Luberon Hill Towns: These towns are great to look at. Gordes is probably the best, so make sure you take the pull-off before you get into town for your pictures. But parking in Gordes is almost non-existent. Be prepared for a long hike up from the out-of-town parking area. There’s another lot a km or so beyond the town and an easier walk down to the town. So, you might drive right through the town towards the upper lot. We got lucky and found a spot in the middle of Roussillon (which is probably why we liked it so much), but the availability of parking varies widely from day to day and time of day.
And towns and small cities in general: I know some on this forum have visited many, many towns and small cities in the Cote d’Azur, Provence, and Languedoc and enjoy the subtle differences among them. I am not in the “seen one….” camp but there is a sameness about the repeat of up-market housewares, clothing, and specialty food shops from town to town, especially in the most popular. So, I argue for being selective about which towns to visit and spending more time in one rather than trying to take in many. There’s a big difference between seeing the lovely town perched on the side of the hill and being in the town. (Dropped down into the streets in middle of Les Baux or Carcassonne, or other towns you would be hard pressed to tell the difference.)
It’s unfair to accuse these towns of being too “touristy,” but it wasn’t that long ago that they were virtually abandoned before we tourists showed up. The “authentic” Provence is more likely down in the valley where the folks can park their cars; the kids can play soccer; and the family can have bathrooms, kitchens and other mod cons unconstrained by 16th century construction.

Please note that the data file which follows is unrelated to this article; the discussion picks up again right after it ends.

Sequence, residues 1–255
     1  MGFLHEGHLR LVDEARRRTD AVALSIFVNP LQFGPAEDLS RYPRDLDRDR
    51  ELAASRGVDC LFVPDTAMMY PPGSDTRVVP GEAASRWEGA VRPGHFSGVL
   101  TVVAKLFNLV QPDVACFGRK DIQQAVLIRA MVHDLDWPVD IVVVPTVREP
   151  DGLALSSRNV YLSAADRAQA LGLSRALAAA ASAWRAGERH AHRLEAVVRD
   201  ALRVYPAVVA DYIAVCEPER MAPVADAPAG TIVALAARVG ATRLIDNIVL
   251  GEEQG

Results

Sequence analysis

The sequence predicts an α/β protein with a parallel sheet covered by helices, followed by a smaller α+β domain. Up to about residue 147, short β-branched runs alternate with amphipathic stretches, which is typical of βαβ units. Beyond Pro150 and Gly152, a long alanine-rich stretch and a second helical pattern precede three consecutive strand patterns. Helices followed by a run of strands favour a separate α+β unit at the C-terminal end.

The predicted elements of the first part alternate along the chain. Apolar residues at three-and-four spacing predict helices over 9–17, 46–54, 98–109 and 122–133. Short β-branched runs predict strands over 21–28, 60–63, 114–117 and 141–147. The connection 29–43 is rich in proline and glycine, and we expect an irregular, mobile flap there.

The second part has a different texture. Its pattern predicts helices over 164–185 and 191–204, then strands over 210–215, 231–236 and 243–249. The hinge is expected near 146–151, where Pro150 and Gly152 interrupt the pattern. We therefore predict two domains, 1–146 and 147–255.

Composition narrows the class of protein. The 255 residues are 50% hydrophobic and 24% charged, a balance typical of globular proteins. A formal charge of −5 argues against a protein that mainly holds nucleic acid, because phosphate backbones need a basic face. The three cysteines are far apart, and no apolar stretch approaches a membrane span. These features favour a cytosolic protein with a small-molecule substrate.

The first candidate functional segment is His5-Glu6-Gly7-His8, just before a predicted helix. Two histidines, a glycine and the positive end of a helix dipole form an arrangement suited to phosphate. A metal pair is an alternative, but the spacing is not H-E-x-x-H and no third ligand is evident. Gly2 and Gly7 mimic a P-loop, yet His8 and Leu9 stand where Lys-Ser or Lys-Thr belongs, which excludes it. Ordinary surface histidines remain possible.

Driving: Plan your driving ahead –and do it again!

Get your maps way ahead. Have your navigator plan your trip, and be prepared to lose direction signs at the most inconvenient places – especially in cities. Folks must figure that the signs got you to our town, so why should we worry about indicating the direction to the next town. Cavillion (coming and going) was especially egregious on this count. Roundabouts have taken over almost every town (thank goodness), and it’s sometimes not exactly clear which exit to take. So, slow down and go around again. We “churned butter” in a couple of cities. And for your navigator, know where you’re not going as well as other towns along your route that may be indicated. After much discussion here on the forum and elsewhere we decided to forgo our GPS in France. However, we used Via Michelin’s on-line trip planner (printed out at home) as an excellent supplement to the Michelin maps. They take a little getting used to, but they’re especially good on which exit off the roundabouts to take; what the autoroute signs are going to look like; precise distances between points; and even the toll amounts.

I’ve driven in many countries in Europe, and I love driving in France best. On the autoroutes, the trucks stay in the right lane; most drivers signal lane changes; there are only a few autobahn speeders in the left lane; and everyone seems to behave themselves. (Not like Sicily.) The other roads are generally pretty good. But I repeat: safe driving requires a savvy navigator. Plan ahead and don’t try to figure out where you’re going while you’re going.

Picking up a car in Nice: We picked up our rental car in the row of rental agencies next to the Albert 1e park. (Cars are in the underground garage.) It’s right off the Promenade d’Anglais and very easy for getting out of town. Picking up at the airport – no more than 2 km away – will cost you an additional 37E tax.

American credit cards: Don’t worry. Every restaurant and hotel that takes cards will swipe your American card. BUT stay out of the Telepage line (Yellow T only) and credit card line on the autoroutes: your card won’t work. The Yellow T and green are okay. And your card won’t work at pay-at-the-pump gas stations, so fill up when you see one with an attendant.

That’s it for now. I’ll stick around on this site and will be happy to answer any questions.

13 Replies |Back to top

Sign in to comment.